Tokyo, June 18 (Jiji Press) — Finance Minister Taro Aso on Tuesday rejected as “inappropriate” a Financial Services Agency estimate suggesting that people in Japan need to prepare 15 million to 30 million yen, besides pension benefits, for their post-retirement budgets.
The move came on top of his earlier refusal to accept a different FSA estimate pointing to the average post-retirement budget shortage of 20 million yen.
The 15-million-to-30-million-yen estimate is “also inappropriate if it could cause misunderstandings,” Aso, who doubles as minister of state for financial services, said at a House of Councillors committee meeting.
The ruling coalition is wary of a public backlash against the government estimates, ahead of a triennial Upper House election this summer.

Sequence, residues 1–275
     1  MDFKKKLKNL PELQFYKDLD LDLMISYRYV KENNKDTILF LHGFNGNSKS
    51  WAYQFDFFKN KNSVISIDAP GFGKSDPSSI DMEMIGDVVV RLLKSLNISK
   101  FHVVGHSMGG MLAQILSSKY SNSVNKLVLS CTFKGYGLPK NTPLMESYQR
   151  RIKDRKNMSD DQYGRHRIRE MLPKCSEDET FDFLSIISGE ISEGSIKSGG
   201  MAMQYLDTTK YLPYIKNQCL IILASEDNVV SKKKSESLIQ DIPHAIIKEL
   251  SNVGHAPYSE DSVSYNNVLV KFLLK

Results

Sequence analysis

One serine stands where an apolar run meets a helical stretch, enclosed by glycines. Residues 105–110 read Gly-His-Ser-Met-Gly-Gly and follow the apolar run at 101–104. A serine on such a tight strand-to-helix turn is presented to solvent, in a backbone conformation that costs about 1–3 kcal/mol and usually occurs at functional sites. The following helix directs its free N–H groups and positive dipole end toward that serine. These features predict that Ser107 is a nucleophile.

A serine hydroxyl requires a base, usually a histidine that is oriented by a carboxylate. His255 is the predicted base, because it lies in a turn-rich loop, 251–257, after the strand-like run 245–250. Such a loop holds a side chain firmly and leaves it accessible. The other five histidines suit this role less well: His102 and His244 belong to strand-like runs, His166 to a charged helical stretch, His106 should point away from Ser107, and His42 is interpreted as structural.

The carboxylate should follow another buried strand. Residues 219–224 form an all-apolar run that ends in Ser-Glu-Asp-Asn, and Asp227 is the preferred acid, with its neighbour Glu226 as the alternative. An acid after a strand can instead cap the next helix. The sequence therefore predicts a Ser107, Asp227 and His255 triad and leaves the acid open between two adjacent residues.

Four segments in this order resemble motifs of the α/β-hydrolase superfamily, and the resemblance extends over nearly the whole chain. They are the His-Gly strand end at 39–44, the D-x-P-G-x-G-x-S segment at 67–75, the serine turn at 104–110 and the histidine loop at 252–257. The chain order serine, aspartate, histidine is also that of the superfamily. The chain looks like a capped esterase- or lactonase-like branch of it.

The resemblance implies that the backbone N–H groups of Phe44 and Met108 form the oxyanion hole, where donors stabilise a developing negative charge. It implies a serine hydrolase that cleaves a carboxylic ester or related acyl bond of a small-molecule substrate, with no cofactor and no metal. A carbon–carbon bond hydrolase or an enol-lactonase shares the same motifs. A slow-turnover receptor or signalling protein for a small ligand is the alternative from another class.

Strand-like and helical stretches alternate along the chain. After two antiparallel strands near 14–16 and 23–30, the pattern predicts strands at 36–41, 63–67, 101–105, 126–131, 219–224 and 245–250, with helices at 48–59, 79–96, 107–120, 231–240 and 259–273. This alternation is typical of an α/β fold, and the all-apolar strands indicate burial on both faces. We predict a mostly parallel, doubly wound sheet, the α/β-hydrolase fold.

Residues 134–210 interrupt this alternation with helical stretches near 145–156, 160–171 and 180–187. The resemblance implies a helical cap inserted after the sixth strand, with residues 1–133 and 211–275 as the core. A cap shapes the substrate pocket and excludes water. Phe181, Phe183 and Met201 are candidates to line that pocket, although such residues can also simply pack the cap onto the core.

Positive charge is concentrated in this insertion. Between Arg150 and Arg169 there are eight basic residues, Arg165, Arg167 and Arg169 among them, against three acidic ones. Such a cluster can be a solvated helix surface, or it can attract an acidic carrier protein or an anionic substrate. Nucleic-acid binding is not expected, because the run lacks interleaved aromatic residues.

The opposition camp argues that the estimates indicate the government’s admission that the country’s public pension system is collapsing.
At the Upper House panel meeting, Aso insisted that the 15-million-to-30-million-yen estimate was mentioned only in a provisional document and has never been used in an official document of the FSA.
“We won’t consider any policy, based on that data,” Aso stressed.
Over the 20-million-yen estimate, Aso claimed that the biggest problem was the FSA’s lack of explanation and consideration provoking misunderstandings and anxieties among the public.
Renho of the opposition Constitutional Democratic Party of Japan condemned Aso as putting the blame on bureaucrats.
“People in power should tell the public honestly about what they plan to do about the pension system,” Akira Koike, head of the Japanese Communist Party’s secretariat, said.